Published On: December 27, 2016 05:50 PM NPT By: Pushpa Raj Koirala | @pushpa_koirala
KATHMANDU, Dec 27: The Nepal Electricity Authority (NEA) is gearing up to end load-shedding throughout the country from mid-June next year. It has been providing round the clock electricity to the consumers in Kathmandu Valley since the Dashain festival.
NEA Spokesperson Prabal Adhikari told Republica Online that preparations are underway to end power cuts throughout the country learning from the power management in the Valley that saw an end to an enduring power outage.
For that, NEA has speeded up the works for reforms of electricity transmission and distribution systems.
Adhikari claimed that power outage will end throughout the country as the works for upgradation of Dhalkebar-Muzaffarpur, Kataiya-Kusaha, Raxaul-Parwanipur, Tanakpur-Mahendranagar among others cross-border transmission lines to import additional electricity from India are underway and internal generation will also increase.
“It was proven during the blockade and Madhes Movement that increased generation can’t only end load-shedding,” he said, “Although, most of the factories were closed, load-shedding shot up as we had a poor distribution system.
Currently, the demand for electricity throughout the country stands at 1273 MW. NEA has been generating 361 MW, 208 MW is generated by private sectors and 299 MW is imported from India. The current deficit stands at 405 MW.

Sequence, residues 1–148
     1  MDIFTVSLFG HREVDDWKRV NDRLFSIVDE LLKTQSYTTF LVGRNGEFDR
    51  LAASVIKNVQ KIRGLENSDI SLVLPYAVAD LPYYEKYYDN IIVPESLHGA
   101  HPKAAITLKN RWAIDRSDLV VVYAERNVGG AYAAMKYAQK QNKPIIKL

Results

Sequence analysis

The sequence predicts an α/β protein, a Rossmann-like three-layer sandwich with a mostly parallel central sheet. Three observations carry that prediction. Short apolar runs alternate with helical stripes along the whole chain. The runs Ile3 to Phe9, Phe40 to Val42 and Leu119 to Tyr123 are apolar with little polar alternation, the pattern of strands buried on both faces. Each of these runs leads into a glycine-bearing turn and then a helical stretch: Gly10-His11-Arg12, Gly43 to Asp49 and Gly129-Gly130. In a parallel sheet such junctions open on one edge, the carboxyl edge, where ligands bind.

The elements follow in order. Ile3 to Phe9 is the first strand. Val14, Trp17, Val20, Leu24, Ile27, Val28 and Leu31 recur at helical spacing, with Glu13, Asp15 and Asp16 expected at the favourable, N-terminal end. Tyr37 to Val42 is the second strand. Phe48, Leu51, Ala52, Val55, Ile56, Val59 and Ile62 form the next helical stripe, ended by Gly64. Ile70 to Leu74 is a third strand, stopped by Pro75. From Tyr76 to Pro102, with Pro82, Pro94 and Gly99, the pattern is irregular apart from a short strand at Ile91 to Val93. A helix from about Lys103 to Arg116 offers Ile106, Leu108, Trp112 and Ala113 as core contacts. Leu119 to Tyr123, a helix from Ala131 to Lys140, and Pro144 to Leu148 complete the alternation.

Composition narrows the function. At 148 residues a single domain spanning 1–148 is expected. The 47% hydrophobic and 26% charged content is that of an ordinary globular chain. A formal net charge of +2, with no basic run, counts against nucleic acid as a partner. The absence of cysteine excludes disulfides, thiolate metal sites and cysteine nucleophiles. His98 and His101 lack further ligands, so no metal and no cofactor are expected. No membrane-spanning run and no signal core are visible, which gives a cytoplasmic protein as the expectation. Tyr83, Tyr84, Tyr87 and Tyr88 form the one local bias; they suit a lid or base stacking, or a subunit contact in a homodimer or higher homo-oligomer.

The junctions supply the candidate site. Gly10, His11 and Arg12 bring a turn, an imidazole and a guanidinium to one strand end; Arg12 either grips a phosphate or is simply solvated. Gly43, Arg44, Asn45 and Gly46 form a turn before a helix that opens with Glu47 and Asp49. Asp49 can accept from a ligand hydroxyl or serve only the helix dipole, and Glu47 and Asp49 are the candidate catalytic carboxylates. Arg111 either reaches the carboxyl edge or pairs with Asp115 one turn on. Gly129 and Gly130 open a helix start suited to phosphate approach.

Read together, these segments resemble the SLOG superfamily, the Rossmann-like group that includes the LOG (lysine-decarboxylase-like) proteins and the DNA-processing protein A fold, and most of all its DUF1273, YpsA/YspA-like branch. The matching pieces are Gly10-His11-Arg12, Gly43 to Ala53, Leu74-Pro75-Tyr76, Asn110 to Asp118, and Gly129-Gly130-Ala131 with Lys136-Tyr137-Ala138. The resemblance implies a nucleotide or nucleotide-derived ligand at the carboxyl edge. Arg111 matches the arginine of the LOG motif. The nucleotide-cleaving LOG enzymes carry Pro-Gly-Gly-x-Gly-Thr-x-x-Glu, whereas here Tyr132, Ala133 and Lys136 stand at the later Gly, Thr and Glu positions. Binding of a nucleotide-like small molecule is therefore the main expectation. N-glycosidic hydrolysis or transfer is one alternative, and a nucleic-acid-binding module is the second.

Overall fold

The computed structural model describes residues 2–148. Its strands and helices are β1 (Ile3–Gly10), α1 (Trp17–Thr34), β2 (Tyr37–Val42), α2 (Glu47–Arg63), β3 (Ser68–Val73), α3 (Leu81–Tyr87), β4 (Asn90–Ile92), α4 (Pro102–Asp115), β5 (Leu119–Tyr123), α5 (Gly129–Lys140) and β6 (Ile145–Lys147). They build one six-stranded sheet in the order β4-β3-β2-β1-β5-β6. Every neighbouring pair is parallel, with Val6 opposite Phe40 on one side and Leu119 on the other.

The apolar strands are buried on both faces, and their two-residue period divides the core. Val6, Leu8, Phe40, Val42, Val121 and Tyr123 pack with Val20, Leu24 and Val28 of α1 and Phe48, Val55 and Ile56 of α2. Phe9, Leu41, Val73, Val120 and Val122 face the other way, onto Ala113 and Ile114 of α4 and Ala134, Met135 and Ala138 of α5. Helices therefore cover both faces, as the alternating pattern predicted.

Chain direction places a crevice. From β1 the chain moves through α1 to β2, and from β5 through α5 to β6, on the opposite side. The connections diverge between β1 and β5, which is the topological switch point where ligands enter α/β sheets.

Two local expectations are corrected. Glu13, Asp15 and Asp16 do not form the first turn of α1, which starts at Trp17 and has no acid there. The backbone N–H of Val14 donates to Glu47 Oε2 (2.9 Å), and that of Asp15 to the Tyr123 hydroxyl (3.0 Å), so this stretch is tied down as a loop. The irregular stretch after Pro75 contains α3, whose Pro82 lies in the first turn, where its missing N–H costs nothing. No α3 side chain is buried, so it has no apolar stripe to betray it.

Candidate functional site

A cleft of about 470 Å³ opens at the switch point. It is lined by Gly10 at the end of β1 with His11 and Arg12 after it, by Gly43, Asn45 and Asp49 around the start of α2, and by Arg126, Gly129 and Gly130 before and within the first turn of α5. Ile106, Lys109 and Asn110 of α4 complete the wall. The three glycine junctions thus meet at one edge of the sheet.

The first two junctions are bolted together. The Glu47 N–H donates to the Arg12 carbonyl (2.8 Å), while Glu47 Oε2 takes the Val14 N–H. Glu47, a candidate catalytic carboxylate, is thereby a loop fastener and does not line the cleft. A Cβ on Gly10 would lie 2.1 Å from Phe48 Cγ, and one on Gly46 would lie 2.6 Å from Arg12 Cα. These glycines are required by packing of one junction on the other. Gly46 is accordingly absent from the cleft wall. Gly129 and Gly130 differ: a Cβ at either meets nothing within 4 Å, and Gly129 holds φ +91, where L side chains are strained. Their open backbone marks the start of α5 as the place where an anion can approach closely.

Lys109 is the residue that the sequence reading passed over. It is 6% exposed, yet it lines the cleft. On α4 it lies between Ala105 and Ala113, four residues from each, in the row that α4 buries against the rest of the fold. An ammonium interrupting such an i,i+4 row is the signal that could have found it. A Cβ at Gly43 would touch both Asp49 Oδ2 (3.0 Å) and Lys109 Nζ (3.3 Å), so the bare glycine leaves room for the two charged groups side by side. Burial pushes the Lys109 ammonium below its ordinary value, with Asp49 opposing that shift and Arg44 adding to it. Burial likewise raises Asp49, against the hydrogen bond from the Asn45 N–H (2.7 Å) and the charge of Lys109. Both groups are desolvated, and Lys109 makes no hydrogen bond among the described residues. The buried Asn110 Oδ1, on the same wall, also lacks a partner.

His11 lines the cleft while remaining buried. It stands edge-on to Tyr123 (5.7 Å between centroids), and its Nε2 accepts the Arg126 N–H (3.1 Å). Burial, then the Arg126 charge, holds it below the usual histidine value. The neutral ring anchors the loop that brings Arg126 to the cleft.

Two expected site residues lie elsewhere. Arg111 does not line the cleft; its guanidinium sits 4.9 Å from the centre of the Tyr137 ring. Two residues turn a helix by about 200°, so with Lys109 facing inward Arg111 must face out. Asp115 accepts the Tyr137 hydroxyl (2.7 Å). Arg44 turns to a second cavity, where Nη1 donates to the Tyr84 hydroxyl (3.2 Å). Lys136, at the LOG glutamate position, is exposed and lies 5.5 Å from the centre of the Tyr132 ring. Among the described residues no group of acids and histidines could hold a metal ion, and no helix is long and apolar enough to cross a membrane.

“As water level in rivers further decreases during dry season, power generation from the run-of-the-river projects will decrease by 125 MW,” he said, “Electricity shortfall will hover around 530 MW from mid-January to mid-March.”
To meet the demand at that time, NEA has recently signed an agreement with Power Trade Corporation, India to import a total of 120 MW through the Dhalkebar-Muzaffarpur Transmission Line from January 1 to May 2017. Despite the import, the deficit will stand at 85 MW during mid-January to mid-March.
“There will be a shortfall of 85 MW during the period due to decrease in water level in rivers,” he said, “But, Kathmandu will continue to be a load-shedding free zone. Increase in power cuts by an hour is possible outside the Valley.”
As water level increases in rivers following melting of snow with the onset of summer, power generation in run-of-the-river projects shoots up. In such a situation, power cuts can end throughout the country, NEA stated.
NEA estimates that power demand has decreased by 50 MW in Kathmandu Valley as consumers have not operated heavy electrical equipments in support to the “Load-shedding Free Campaign”. Likewise, the demand has further decreased by 100 MW as around 200,000 inverters are no longer in use.
If the equipments are operated, the electricity demand will increase to 1,300 MW, according to NEA.
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